Category Archives: Surgery

Three years an ostomate

Three years… 1095 days… That’s how long I have now been living with my ostomy. As usual, it’s one of those mixed feelings of “seems like forever” and “feels like only yesterday.” It’s amazing to look back over these past years and realize how much my life has changed. In a lot of ways, I feel like 3 years ago is when my life started.

Prior to my surgery, I felt so trapped and afraid. I feel like I lost so much of my 20s, which is supposed to be the time where you are able to be free and to experience all that life has to offer. But I feel like I didn’t have that chance. Now don’t get me wrong, I had a lot of really amazing things happen in those years, but I also missed out on a lot of things. So after I had my surgery, it truly felt that I was in control of my life for the first time in a very long time.

pregnant baby conceive ostomies advice tips tricks stephanie hughes out of the bag colostomy ileostomy crohn's disease ulcerative colitis inflammatory bowel disease ibd ostomy blog stolen colon ileostomy colostomy urostomy second trimesterWhen my husband and I first started talking about having a baby, I was hesitant. I remember thinking that I had been robbed of much of my 20s and I finally felt like I had my life back and I wasn’t sure I wanted to give up that freedom so soon. At the same time, I knew that surgery can complicate getting pregnant and I didn’t want to wait for too long. But once we decided to go for it, I was ready and I wouldn’t change a thing now that it’s all actually happening. But there is still this small part of me that feels like that time was too short.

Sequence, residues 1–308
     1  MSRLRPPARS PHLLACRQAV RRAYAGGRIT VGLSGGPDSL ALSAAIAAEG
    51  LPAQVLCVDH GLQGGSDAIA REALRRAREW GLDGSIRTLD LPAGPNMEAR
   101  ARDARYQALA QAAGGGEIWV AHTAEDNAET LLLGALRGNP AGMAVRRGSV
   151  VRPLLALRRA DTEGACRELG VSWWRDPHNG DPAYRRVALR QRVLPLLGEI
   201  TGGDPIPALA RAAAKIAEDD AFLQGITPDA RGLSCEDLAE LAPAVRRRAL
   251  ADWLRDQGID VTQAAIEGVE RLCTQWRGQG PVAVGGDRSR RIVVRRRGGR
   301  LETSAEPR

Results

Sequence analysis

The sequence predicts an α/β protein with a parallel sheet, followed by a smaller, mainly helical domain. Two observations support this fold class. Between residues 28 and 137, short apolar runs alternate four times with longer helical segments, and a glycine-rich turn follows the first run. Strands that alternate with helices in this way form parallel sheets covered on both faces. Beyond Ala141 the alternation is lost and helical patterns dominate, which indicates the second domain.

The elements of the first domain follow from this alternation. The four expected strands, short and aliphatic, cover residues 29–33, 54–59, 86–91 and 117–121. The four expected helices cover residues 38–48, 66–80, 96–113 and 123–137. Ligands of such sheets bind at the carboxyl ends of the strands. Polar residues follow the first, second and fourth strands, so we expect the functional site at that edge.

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If I never had Crohn’s disease…

if i never had crohn's disease

If I never had Crohn’s disease, I would never have known how much pain one internal organ can cause.

If I never had Crohn’s disease, I wouldn’t have missed out on so many nights out with friends.

If I never had Crohn’s disease, I wouldn’t know so well the awful sounds and smells that fill a hospital ward.

If I never had Crohn’s disease, I may never have known how far my family would be willing to go and all that they would be willing to do for me.

If I never had Crohn’s disease, I would never have filled my body with medical-grade poison, because it was the lesser of two evils.